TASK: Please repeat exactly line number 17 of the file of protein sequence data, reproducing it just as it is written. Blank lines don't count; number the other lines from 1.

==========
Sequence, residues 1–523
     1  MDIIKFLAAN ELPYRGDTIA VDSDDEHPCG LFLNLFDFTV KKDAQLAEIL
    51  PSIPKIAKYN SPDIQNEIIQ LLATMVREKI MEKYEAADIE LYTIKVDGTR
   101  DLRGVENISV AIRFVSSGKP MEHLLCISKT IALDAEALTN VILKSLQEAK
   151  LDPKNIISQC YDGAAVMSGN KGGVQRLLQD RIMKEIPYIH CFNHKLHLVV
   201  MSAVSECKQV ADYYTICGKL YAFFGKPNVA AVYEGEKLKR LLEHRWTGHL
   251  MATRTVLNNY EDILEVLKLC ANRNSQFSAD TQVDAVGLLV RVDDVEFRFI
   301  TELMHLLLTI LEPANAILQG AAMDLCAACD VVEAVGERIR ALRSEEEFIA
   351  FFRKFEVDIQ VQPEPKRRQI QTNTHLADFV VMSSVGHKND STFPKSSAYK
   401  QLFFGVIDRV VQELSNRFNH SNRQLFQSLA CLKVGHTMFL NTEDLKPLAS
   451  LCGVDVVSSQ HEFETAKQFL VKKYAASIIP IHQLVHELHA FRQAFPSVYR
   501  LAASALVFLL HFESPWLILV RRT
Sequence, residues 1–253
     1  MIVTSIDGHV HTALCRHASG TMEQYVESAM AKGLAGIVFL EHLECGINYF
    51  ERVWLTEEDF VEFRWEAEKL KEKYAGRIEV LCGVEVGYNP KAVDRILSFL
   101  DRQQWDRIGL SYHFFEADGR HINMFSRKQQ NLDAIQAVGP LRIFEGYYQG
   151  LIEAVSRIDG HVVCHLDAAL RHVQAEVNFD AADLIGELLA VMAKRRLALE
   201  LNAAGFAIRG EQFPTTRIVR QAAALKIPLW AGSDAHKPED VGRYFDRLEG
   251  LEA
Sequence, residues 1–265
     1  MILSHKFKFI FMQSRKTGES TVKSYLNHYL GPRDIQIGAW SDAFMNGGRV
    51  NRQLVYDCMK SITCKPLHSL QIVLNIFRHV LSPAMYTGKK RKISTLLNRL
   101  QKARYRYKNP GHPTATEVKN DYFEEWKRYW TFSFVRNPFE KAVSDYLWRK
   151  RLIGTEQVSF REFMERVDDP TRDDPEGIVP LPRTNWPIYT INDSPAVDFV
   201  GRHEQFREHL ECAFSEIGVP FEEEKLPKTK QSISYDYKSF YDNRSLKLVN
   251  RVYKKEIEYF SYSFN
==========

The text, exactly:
   151  LIEAVSRIDG HVVCHLDAAL RHVQAEVNFD AADLIGELLA VMAKRRLALE